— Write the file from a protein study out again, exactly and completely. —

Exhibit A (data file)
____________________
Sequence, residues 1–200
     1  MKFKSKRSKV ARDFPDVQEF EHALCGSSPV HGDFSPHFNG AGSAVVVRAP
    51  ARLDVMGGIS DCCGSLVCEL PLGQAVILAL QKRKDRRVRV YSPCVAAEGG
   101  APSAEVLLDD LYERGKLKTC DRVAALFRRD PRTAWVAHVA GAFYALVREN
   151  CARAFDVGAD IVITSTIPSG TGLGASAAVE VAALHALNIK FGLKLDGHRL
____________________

Sequence, residues 1–200
     1  MKFKSKRSKV ARDFPDVQEF EHALCGSSPV HGDFSPHFNG AGSAVVVRAP
    51  ARLDVMGGIS DCCGSLVCEL PLGQAVILAL QKRKDRRVRV YSPCVAAEGG
   101  APSAEVLLDD LYERGKLKTC DRVAALFRRD PRTAWVAHVA GAFYALVREN
   151  CARAFDVGAD IVITSTIPSG TGLGASAAVE VAALHALNIK FGLKLDGHRL